It may seem surprising, but I am not a huge fan of Stackhouse’s argument. To his conclusion that we should be practicing egalitarianism in our homes and churches, I wholeheartedly say “Amen”. But while we share convictions that egalitarian views should be brought to bear on the Church and home, I think that Stackhouse concedes too much in his method of argument. I disagree with him regarding the New Testament’s concessions to patriarchy. I think his conclusions regarding the complementarian clobber texts are not the best readings of those passages. By saying the text presents male headship as an instruction from Paul (even with the recognition that these are ad hoc statements restricted by their context) Stackhouse makes his argument easier to dismiss by many conservatives. Firm complementarians will not be convinced by this argument, since the most ardent supporters of complementarianism won’t accept this hermeneutical approach. The common refrains of “God said it, I believe it, that settles it” or “When the Bible speaks, God speaks” or appeals to inerrancy and immutability render this argument easily dismissible (not because these counterarguments are vaild, but because they are assumed in advance). I don’t disagree with Stackhouse’s argument per se, but think it’s effectiveness may be somewhat limited in the debate. It may sway some fence sitters. But will it persuade completementarians? Probably not. It may give them more ammunition. Having conceded that 1 Cor. 14:34-35 and 1 Tim. 2:11-15 do indeed show Paul advocating for patriarchy, many will then say Stackhouse is conceding to the cultural shifts when God has spoken in favour of male-headship. Even though Stackhouse is making a valid point, he is doing so in a way which will likely turned back on him by those who disagree. By building a theological argument that we should be egalitarian while admitting Paul instructed the Ephesian and Corinthian Churches to remain patriarchal, Stackhouse is making his argument less convincing to a very vocal segment of contemporary evangelicalism.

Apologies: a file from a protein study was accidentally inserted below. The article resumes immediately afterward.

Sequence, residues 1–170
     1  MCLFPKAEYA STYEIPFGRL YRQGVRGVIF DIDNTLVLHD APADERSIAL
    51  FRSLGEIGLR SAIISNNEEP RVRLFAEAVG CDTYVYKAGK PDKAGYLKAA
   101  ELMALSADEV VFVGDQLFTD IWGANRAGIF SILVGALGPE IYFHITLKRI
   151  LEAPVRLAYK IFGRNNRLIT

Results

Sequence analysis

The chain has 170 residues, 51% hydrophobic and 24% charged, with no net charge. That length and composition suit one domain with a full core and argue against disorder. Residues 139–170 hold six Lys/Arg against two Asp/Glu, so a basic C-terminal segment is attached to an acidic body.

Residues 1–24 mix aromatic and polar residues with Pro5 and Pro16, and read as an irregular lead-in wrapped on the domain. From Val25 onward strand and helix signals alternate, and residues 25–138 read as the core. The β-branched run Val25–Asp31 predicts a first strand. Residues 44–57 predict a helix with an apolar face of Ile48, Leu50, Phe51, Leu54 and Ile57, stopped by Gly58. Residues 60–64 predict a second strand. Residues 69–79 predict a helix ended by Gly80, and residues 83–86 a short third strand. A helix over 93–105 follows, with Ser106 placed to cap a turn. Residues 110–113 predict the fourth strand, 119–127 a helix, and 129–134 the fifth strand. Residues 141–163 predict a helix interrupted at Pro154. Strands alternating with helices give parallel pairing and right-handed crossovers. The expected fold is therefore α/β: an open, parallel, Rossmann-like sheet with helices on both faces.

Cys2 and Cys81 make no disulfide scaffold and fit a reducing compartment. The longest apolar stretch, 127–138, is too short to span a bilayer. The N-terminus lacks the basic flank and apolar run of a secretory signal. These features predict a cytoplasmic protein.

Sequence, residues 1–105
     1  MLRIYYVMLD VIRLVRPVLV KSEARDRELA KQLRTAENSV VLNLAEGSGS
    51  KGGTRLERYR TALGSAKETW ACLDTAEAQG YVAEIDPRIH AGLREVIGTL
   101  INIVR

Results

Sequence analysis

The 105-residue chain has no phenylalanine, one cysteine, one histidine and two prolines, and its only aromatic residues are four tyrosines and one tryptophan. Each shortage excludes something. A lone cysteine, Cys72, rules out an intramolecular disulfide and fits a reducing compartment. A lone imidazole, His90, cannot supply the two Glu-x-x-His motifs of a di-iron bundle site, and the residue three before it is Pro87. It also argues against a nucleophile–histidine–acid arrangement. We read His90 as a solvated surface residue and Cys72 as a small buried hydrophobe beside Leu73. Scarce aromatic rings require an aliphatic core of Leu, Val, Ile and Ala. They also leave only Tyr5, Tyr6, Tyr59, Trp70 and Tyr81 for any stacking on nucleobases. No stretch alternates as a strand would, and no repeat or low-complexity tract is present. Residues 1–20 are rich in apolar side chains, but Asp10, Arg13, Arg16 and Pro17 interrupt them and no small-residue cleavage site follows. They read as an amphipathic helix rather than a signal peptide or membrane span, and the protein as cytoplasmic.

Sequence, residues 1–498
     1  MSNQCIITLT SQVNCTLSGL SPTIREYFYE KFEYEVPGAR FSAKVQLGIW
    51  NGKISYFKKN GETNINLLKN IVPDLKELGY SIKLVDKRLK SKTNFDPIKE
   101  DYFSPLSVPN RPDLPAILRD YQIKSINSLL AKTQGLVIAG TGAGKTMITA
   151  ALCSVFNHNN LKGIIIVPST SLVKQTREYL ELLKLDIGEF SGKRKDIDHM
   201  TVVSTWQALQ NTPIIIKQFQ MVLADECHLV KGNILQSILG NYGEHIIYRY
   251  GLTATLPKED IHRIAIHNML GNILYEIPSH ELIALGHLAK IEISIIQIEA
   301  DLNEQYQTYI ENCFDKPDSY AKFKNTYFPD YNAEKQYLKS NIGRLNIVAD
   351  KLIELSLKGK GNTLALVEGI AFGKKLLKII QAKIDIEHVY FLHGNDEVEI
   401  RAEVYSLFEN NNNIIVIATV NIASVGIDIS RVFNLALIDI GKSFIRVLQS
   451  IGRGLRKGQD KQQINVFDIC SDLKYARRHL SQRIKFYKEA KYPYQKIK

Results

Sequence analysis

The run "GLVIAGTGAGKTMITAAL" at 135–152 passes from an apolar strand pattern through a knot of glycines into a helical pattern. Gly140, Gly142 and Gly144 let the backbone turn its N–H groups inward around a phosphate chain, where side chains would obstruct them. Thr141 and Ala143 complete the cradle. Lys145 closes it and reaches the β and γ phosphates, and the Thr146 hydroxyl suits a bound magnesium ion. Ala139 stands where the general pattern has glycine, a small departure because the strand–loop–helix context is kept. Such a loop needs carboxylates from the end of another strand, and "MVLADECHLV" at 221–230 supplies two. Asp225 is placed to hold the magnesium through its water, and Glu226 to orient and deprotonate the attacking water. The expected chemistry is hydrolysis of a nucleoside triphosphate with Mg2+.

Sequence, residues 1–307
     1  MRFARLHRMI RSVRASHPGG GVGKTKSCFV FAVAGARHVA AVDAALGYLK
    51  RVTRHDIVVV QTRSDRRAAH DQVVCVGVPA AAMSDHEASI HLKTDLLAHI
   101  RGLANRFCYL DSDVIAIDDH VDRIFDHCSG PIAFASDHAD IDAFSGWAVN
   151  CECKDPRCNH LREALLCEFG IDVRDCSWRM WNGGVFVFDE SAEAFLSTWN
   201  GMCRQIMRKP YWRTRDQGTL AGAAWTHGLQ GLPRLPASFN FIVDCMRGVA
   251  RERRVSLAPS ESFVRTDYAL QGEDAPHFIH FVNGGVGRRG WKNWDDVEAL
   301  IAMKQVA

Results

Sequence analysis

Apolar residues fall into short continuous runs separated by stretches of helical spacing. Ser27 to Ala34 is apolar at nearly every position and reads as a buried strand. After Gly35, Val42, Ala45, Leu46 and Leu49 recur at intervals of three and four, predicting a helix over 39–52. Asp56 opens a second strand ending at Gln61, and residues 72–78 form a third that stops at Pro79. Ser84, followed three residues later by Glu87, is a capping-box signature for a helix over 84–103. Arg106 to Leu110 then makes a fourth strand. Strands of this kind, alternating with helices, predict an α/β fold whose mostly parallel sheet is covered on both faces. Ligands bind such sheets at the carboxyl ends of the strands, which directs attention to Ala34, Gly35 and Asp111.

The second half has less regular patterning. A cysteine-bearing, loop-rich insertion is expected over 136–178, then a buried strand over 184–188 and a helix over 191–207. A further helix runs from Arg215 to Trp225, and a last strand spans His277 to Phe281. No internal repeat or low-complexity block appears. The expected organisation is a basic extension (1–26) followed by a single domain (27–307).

I admire John Stackhouse. I really do. To remain committed to the conservative evangelical community and take a firm stance, and label himself a feminist is a big move. I am thrilled he wants to bring nuance and openness to conversation which has all too often been characterized by vitriolic accusations of liberalism and cowardice or hardheadedness and oppression. Stackhouse speaks with a firm but charitable tone, and answers many of the challenges of his opponents. But I think he leaves too much for complementarians to build a counter argument against him. I think this book is good, helpful, wise, and deeply charitable. I hope readers of all positions will engage fairly with the argument being presented and hear what is really being said. This certainly won’t settle the argument, but it is a good means to move the conversation forward, and open up the difficulties to a broader audience.